Thursday, December 20, 2007

Riding the Bicycle in Beijing

Crossing the road in Beijing can be a real hazard. The roads can be three or four lanes wide both ways. Luckily, I overcame the phobia when a Chinese professor showed my Australian friend and I how, when he accompanied us on a trip to a museum. We had to cross one of those wide, busy roads and he grabbed us by our arms and guided us across, lane by lane. That was such an effective lesson in road crossing, China style. Not that there are no pedestrian crossing or overhead bridges. The trouble is those could be a mile off, from where you are. Not to mention, the tedious task of walking up those long bridges for those with tired feet.

Taking public buses was another challenging experience. When you take the public bus in Beijing, you need to know which station you’re disembarking because if you miss it.... boy or boy! Are you headed for a long, long walk! Sometimes - the next station could be a kilometer away.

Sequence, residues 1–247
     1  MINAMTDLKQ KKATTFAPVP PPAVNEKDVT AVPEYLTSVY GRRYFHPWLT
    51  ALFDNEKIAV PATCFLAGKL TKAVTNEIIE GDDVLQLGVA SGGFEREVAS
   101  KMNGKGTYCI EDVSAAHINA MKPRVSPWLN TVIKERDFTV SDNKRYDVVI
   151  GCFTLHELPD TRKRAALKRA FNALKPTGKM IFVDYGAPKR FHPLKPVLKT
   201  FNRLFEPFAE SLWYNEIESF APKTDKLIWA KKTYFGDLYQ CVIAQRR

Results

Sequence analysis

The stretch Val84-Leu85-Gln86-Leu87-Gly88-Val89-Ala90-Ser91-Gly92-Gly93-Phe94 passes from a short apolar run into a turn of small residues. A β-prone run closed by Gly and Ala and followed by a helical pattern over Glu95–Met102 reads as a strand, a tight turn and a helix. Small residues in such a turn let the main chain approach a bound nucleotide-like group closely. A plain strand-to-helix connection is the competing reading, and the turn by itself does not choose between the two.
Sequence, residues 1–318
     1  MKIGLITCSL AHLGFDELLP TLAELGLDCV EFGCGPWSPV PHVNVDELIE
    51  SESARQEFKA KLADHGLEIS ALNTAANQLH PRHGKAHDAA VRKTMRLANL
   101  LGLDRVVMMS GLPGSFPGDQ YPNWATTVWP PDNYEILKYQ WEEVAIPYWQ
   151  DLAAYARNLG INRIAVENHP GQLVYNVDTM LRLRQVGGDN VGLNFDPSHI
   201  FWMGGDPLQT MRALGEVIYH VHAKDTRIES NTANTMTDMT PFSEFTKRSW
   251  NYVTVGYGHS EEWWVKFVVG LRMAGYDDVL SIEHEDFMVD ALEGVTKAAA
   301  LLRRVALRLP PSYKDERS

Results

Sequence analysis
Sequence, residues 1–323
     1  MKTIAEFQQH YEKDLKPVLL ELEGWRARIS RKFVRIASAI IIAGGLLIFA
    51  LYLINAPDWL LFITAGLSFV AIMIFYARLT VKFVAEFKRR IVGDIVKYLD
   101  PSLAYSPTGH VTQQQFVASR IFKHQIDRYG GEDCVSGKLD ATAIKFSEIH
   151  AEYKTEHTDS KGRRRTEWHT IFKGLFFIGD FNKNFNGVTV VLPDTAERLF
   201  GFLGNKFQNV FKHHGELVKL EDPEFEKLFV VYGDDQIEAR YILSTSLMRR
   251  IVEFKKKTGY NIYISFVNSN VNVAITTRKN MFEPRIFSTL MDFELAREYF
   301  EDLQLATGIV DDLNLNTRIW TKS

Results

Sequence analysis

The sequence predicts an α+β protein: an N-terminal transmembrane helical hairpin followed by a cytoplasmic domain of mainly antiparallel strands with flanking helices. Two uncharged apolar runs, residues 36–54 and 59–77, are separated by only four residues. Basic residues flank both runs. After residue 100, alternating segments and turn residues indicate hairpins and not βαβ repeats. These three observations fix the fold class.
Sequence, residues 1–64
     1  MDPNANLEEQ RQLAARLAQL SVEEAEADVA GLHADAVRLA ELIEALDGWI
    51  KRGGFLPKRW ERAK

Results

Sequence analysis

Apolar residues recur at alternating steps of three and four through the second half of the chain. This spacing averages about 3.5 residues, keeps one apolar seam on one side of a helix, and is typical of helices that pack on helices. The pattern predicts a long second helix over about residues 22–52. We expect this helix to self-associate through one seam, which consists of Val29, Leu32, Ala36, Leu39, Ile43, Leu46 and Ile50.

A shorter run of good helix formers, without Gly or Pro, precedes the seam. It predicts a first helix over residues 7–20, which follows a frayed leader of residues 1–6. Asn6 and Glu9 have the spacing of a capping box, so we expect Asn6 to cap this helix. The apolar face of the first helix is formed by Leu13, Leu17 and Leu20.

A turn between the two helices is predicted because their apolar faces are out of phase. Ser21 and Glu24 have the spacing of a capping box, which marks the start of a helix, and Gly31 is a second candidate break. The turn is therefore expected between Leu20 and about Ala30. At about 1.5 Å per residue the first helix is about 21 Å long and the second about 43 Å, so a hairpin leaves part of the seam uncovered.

Everything in Beijing is on a super-large scale even the campus. So a bicycle comes in handy when you do errands. I had learned to ride a bicycle when I was a kid but had not ridden for several decades. I soon learned the truth of the statement that once you’ve learned to swim or ride, you never forget it.
I relearned how to handle the bicycle on my good friend’s bike in Tienjin and after that I was riding all over the neighborhood and its surroundings and I learned how to ride on icy roads without falling.

Bicycling is another very good form of exercise but unfortunately, our roads do not make allowance for bicycle lanes.

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